Expanding Opportunities for Undergraduate Education

by Jon Hetman, Director of External Relations & Communications
May 8, 2019

Expanding Opportunities for Undergraduate Education

dig-deeper-undergrad-education

As a partner in the educational mission of Harvard University, the Arboretum leverages its resources to support undergraduate education. Arboretum-based faculty and researchers, state-of-the-art laboratories, and the living collections provide field experiences for diverse Harvard classes ranging from the biology of plants and urban ecology to landscape design. A summer short course connects students with […]

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Rhododendron? Hydrangea? America doesn’t know anymore

by Douglas Belkin for The Wall Street Journal
August 15, 2018

The lost art of looking at plants

by Heidi Ledford for Nature
January 29, 2018

The lost art of looking at plants

2017 Plant Anatomy Summer Course

Although the genomics era led many plant biologists away from physiology and morphology, the latest generation of technological advances is steering them back. Read about how imaging technology in particular is renewing the appetite to study plant diversity, fueled by initiatives such as the Arboretum’s summer short course in plant morphology. Read more in Nature.

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Tracing the Evolution of Form and Function

by Jon Hetman, Director of External Relations & Communications
August 11, 2017

Tracing the Evolution of Form and Function

Viewing wood anatomy

As a pioneering botanical institution with nearly 150 years of observed data on plants and their development, the Arnold Arboretum of Harvard University has long championed the study of the formal attributes that distinguish plant species from one another. With an advanced center for plant research now within sight of the collections at Weld Hill, […]

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Magnolia flowers fall apart beautifully

by William (Ned) Friedman, Director of the Arnold Arboretum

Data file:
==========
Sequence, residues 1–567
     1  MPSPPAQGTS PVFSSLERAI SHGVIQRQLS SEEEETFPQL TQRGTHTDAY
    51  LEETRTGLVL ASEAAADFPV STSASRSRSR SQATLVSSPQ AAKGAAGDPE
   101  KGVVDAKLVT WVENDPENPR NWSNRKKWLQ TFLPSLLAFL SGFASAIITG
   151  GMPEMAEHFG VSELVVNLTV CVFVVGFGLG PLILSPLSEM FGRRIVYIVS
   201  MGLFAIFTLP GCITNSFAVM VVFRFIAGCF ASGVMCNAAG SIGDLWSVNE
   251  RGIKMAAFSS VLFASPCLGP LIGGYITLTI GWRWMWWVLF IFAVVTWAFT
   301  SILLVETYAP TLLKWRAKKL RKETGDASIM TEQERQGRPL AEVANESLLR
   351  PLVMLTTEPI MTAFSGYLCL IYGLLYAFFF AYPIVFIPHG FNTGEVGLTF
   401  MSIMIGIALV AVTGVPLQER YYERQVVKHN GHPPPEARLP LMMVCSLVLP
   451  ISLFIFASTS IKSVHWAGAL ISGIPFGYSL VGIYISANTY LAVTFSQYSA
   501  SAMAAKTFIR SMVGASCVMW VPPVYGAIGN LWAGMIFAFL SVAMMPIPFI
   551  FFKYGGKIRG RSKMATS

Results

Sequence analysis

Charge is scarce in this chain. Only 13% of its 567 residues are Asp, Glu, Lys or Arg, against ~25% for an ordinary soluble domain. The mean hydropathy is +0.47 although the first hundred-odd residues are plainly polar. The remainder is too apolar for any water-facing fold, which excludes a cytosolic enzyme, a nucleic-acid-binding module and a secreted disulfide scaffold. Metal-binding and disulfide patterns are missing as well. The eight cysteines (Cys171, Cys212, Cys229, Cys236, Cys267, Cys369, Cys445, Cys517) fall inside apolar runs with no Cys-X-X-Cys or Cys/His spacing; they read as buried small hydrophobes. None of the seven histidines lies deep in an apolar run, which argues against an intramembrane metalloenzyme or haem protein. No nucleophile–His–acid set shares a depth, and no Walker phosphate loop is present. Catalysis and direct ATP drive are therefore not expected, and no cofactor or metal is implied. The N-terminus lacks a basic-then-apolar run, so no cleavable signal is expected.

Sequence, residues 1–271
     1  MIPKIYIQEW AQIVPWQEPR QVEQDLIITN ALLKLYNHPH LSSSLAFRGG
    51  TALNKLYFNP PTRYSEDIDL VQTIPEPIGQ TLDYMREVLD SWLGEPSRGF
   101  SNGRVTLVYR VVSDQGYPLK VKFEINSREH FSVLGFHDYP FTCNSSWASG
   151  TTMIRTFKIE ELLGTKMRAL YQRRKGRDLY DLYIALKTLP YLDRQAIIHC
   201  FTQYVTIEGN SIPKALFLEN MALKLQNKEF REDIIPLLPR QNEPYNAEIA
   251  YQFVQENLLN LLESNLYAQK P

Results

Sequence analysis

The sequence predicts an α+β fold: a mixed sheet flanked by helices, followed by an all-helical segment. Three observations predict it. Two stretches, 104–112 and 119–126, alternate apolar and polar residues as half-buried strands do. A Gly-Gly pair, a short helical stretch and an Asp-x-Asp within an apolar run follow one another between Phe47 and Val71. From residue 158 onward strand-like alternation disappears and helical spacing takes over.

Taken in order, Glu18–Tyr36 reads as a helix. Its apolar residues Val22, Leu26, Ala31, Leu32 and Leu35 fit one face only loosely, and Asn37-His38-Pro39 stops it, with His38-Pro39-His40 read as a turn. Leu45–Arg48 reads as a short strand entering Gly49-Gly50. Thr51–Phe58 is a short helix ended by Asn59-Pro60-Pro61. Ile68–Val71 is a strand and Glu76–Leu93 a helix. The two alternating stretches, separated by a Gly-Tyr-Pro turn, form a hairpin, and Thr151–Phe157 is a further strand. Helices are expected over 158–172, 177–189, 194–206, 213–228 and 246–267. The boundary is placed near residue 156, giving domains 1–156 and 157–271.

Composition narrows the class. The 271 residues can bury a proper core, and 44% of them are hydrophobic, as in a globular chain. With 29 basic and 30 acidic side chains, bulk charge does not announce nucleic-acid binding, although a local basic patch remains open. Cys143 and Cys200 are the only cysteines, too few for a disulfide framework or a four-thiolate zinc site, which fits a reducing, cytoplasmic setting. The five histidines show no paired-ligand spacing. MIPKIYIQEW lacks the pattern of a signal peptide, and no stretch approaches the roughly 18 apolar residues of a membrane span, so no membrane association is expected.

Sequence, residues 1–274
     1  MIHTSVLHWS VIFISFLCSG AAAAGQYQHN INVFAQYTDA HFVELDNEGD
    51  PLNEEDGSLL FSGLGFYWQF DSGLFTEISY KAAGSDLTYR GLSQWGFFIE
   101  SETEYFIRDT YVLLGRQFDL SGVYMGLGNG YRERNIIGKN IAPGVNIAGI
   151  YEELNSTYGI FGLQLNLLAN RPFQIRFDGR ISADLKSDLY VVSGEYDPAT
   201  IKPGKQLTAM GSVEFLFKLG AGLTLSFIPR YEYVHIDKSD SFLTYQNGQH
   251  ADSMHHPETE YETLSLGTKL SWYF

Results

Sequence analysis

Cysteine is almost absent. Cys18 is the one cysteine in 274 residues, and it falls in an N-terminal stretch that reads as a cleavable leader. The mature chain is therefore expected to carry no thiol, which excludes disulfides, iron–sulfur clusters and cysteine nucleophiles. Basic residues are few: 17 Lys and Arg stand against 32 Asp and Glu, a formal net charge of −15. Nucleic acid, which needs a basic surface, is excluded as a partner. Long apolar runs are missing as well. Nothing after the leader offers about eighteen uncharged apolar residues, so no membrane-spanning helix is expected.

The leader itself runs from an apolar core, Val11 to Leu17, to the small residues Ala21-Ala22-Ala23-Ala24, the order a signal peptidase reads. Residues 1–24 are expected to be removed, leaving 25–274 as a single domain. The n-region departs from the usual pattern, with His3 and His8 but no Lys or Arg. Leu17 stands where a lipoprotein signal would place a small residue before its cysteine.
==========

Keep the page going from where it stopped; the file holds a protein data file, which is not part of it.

July 19, 2017

Magnolia flowers fall apart beautifully

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Things fall apart. That is the essence of a plant. I don’t mean the kind of falling apart of decay, but rather, the wonderful falling apart of the regular shedding of plant organs after they have served their given tasks. Bud scales after bud burst in the spring, petals after a flower is pollinated, leaves in […]

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Oyama magnolia in full bloom

by William (Ned) Friedman, Director of the Arnold Arboretum
June 12, 2016

Oyama magnolia in full bloom

Oyama magnolia_directorsBlog46_featuredIMG

The spectacle of spring flowering magnolias at the Arnold Arboretum of Harvard University is a show to see. However, summer flowering magnolias such as the Oyama magnolia (Magnolia sieboldii), the bigleaf magnolia (Magnolia macrophylla), and the sweetbay magnolia (Magnolia virginiana), while more subtle, are also worthy of a pilgrimage. Right now, one of the Arnold […]

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Mountain laurels fling pollen!

by William (Ned) Friedman, Director of the Arnold Arboretum
June 4, 2016

Mountain laurels fling pollen!

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This week has been close to perfect when it comes to rhododendrons and azaleas at the Arnold Arboretum of Harvard University. Both belong to the Ericaceae, a family of plants that also includes blueberries, cranberries, and the mountain laurel, Kalmia latifolia. The Arnold has two stunning groupings of mountain laurels, and they are just beginning […]

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Armed and dangerous plants in the Arnold Arboretum (part 3)

by William (Ned) Friedman, Director of the Arnold Arboretum
February 18, 2016

Armed and dangerous plants in the Arnold Arboretum (part 3)

Armed and Dangerous Plants3_DirectorsBlog33_featuredIMG

When sharp dangerous structures are found in pairs on plants, they are almost certainly “spines” (modifications of leaves or parts of leaves), as opposed to “thorns” (modified shoot systems, part 2) or “prickles” (outgrowths of the epidermis and underlying tissues, part 1). Pictured below, paired spines are found at the point of attachment of the […]

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Armed and dangerous plants in the Arnold Arboretum (part 2)

by William (Ned) Friedman, Director of the Arnold Arboretum
February 2, 2016

Armed and dangerous plants in the Arnold Arboretum (part 2)

Spines, prickles and thorns are common terms bandied about when referring to sharp objects protruding from plants. There is a distinction to be made between these three terms. Spines denote a structure that is evolutionarily derived from a leaf or part of a leaf (cactuses have spines). Thorns circumscribe modified shoot systems (honey locust trees […]

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Botany Blasts Encourage Observations of Changing Climate

by Jon Hetman, Director of External Relations & Communications
January 12, 2016

Botany Blasts Encourage Observations of Changing Climate

Botany Blast Series Tree Spotters

Recording details about when plants flower or leaf out (phenology) may not seem like a momentous undertaking at first glance, but when aggregated, this data can reveal much to scientists about how plants are faring in our changing climate. In order to better observe, appreciate, and understand trees and their life cycles, it helps to […]

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